Needs a location
RSVP AT http://www.meetup.com... (http://www.meetup.com/Las-Cruces-El-Paso-Adventurers-Meetup/)
Go to the Adventuers group to see more and to check out the details!
NO DOGS (park rules to maintain wildlife habitat)
This hike is rated as easy to low moderate and is no more than 5 miles total with very little elevation gain.
Weather History for the date - Normal High: 72°F and normal Avg: 59°F
Hike to Boyd's Sanitarium & La Cueva
The Sanitarium was constructed in 1910 by Nathan Boyd, a medical doctor from Las Cruces. The resort was designed to isolate tuberculosis victims from the booming society in Mesilla and Las Cruces. About three decades later, it was recommissioned as a mental institute. The patients were treated atrociously and many were killed or exiled, kicked out and left to die in the mountains. After its short lived era as a luxurious mountain resort, it was condemned and left to the mercy of the elements. Numerous spirits are known to wander the canyon. Some visitors have reported having nightmares while camping overnight of the people who were involved in the report's past. Dreams of mental patient beatings, and rows of TB patients undergoing dangerous experiments.
Local urban legends claim that this site is haunted. the stories vary but they often involved the sighting of apparition and allegations of dark occult practices being performed at the site.
The man they called "El Ermitano" ("The Hermit"). He made friends with a family by the name of Barela in Mesilla; he would visit them often, and his miraculous healing powers became known far and wide. One day, he announced his plans to trek across the desert to the remote cave in the Organ Mountains now known as La Cueva ("The Cave"), with the intention of making it his home. Despite his friend's misgivings, he followed through with his plan, and this cave became home to the mysterious hermit for the last few years of his life. ... however, he did issue this strange warning to his friends in Mesilla, "I shall make a fire in front of my cave every Friday evening while I shall be alive. If the fire fails to appear, it will be because I have been killed." One Friday night in the spring of 1869, the light of the fire failed to appear at the mouth of the cave as it usually did. A posse went up the mountain to check on El Ermitano; they were shocked to discover him dead on the floor of La Cueva. His body was facedown on a large crucifix and he was wearing a penitential "girdle of spikes"; a gleaming knife protruded from his back. Nobody ever figured out who killed the mysterious old hermit, or even why anyone would want him dead. His murder remains one of New Mexico's most infamous unsolved mysteries to this very day.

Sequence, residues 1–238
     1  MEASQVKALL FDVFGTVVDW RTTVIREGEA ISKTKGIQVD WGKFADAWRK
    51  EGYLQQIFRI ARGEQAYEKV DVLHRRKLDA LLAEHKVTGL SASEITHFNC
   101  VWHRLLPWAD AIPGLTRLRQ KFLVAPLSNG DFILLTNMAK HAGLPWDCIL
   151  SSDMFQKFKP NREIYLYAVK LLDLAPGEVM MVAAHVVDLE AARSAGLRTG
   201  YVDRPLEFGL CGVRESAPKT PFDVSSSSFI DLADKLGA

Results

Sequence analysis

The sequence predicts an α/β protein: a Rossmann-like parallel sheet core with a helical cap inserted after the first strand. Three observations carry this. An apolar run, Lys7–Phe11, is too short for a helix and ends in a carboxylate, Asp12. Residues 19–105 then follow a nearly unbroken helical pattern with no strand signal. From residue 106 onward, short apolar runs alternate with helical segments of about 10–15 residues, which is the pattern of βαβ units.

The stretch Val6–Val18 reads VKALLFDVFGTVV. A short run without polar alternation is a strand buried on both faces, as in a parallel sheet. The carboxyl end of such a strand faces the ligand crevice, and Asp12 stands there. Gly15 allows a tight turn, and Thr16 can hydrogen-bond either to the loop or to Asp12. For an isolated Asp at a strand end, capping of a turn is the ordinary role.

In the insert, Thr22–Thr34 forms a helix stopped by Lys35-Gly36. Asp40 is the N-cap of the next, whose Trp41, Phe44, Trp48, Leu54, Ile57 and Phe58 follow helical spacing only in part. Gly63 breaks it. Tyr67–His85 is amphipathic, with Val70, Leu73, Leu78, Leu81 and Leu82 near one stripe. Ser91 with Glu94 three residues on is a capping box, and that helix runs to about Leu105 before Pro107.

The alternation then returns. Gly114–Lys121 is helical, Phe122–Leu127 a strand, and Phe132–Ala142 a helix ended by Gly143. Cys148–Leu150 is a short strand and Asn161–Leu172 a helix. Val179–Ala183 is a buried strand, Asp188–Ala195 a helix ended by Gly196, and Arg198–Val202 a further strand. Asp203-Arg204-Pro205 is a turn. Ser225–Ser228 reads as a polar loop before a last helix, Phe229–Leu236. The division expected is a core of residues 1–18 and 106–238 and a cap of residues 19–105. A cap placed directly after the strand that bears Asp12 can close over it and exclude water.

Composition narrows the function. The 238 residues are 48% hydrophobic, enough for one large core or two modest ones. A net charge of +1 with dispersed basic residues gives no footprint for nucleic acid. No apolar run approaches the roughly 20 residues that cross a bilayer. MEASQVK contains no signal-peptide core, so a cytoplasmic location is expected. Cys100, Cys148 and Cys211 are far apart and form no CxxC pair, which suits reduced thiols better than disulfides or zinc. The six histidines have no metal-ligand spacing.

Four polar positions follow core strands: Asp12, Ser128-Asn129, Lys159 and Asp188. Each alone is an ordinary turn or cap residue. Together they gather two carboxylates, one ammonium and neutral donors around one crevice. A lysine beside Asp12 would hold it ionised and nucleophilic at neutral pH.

The Dripping Springs Natural Area shows off desert scrub and low elevation pinon-juniper and oak woodlands. The area also boasts excellent wildlife viewing opportunities, including excellent year-round viewing of red-tailed hawk, Gambel’s quail, golden eagle and rock squirrel. It offers very good year-round viewing of desert mule deer and coyote. Also watch for black-throated sparrow, ladder-backed woodpecker, verdin, black-tailed gnatcatcher, lesser nighthawk, Scott’s oriole, cactus wren, desert cottontail, and collared and tree lizard in the spring and summer. Finally, there are occasional sightings of mountain lion.
CARPOOL: Don’t forget if you want a ride or are willing to offer a ride – be a friend to the environment, save money, and make friends by just posting a message!!
- Have a ride: Please post where you are coming from, what time, and how many spots you have.
- Need a ride: Post that you need a ride and contact any offers via e-mail for those that are offering rides.